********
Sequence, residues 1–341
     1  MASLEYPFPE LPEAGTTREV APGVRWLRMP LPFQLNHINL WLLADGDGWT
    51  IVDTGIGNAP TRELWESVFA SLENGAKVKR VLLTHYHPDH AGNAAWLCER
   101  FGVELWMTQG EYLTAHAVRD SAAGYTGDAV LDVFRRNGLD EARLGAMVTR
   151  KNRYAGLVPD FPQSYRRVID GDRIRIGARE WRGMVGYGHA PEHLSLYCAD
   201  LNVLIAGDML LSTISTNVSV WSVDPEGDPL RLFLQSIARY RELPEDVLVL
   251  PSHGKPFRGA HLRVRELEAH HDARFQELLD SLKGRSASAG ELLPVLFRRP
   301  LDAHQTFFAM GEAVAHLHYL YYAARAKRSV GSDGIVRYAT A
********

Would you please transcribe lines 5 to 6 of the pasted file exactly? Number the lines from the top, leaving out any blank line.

   151  KNRYAGLVPD FPQSYRRVID GDRIRIGARE WRGMVGYGHA PEHLSLYCAD
   201  LNVLIAGDML LSTISTNVSV WSVDPEGDPL RLFLQSIARY RELPEDVLVL